Envío Digital
Central American University - UCA  
  Number 371 | Junio 2012



Trembles, shudders, waivers and narcs

In his “Ode to Roosevelt” Rubén Darío wrote: “The United States is grand and powerful. Whenever it trembles a profound shudder runs down the enormous backbone of the Andes.” Nicaragua’s relationship with the US is trembling in the North causing shudders down our backs here.

Envío team

On May 11, during the American-Nicaraguan Chamber of Commerce lunch to welcome her, Phyllis Powers, the new US ambassador to Nicaragua warned that it will be “very difficult” for her government to once again grant the fiscal transparency and property waivers Nicaragua has received from the US in recent years. Their suspension could mean important losses for the fragile national economy and would be a very bad omen for Daniel Ortega’s government. It caused an unanticipated shudder.

“Imperial abuse”

Ambassador Powers brought up the subject of the waivers right at the end of her brief but diplomatically worded speech, with its conventional observations on democracy, economic growth, investments, social inclusion and cooperation. She said that each waiver would be evaluated on its own merits: “The question in each case is whether granting the waiver will advance US interests in Nicaragua and the region. We look carefully at the whole range of US interests, including whether the granting of waivers will enhance citizen security, help stem the flow of illegal narcotics, contribute to greater regional prosperity and support democracy. In this regard, I must be honest with you. The continuing lack of fiscal transparency, the failure by the Nicaraguan government to make adequate progress in regards to resolving new takings and invasions of American citizen property, and especially the significant irregu¬larities in the elections process of last year and the absence of indications of improvement for this year’s elections, make the decisions on waivers for this year especially difficult.”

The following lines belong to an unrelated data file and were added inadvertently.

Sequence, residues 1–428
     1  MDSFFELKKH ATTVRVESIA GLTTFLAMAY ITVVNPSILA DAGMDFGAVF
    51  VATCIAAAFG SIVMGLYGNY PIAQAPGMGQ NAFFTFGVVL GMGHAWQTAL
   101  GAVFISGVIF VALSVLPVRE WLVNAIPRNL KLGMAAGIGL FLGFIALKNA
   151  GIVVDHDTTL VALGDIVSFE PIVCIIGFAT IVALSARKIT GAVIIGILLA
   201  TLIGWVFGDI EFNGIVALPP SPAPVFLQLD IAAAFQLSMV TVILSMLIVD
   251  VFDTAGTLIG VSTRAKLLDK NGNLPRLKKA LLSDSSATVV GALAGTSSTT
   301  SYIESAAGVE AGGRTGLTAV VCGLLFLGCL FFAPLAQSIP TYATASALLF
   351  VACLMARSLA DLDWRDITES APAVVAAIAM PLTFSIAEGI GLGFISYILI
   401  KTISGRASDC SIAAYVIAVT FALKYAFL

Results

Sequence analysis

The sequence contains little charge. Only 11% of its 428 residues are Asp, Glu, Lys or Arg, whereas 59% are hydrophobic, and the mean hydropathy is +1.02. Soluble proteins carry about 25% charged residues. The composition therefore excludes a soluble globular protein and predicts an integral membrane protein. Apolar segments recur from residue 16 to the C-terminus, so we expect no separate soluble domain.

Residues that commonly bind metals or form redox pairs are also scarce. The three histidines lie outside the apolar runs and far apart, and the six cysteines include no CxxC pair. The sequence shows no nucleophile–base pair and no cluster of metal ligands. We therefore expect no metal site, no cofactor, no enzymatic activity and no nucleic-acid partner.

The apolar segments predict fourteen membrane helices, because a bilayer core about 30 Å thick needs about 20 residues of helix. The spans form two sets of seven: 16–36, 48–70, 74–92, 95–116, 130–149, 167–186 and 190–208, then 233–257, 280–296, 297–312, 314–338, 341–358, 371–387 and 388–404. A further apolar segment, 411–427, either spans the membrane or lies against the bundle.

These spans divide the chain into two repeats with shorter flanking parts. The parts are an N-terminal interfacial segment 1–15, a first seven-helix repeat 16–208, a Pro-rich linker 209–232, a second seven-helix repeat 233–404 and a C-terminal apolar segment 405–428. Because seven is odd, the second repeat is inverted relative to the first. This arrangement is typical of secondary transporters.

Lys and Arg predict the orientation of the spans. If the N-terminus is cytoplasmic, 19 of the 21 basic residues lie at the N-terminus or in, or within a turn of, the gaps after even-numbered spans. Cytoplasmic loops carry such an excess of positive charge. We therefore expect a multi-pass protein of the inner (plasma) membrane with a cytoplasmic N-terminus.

The warning hit like a bucket of cold water, causing concern and uncertainty in all sectors of national life. A month after her speech, there has still been no public reaction by President Ortega, although he is presumably worried and busy doing something to avoid a major national tremor.

The President’s economic adviser, Bayardo Arce, finally broke the official silence after two weeks, and did so with a veiled threat. He called the waiver “an expression of the imperial abuse of the United States, which sets itself up as the supreme judge who goes around deciding who in the world is transparent, who is fighting drug trafficking adequately or who is respecting people’s property…. If they don’t give it to us, Nicaragua won’t be able to keep spending as much on the fight against drug trafficking to keep the drugs they consume from getting to them, while our people’s education, health care and food are being affected.” This imprudent rhetoric was relevant as Arce is a key link in the alliance between Ortega and big capital, the sector most worried about the waivers’ possible suspension.

One waiver is linked to
Venezuelan cooperation…

The annually-granted fiscal transparency waiver is the result of US legislation passed in 2008 that prohibits the US State Department and USAID from providing bilateral cooperation to any government that doesn’t publish its national budget, including income, spending, the public debt level and other data, with total trans¬parency, open to scrutiny and accountability. The Ortega government has finally responded to pressures from the International Monetary Fund (IMF) and Inter-American Development Bank (IDB) to publish at least minimal data on the amounts of Venezuelan cooperation it receives and the social programs financed by it, but has done so reluctantly and slowly.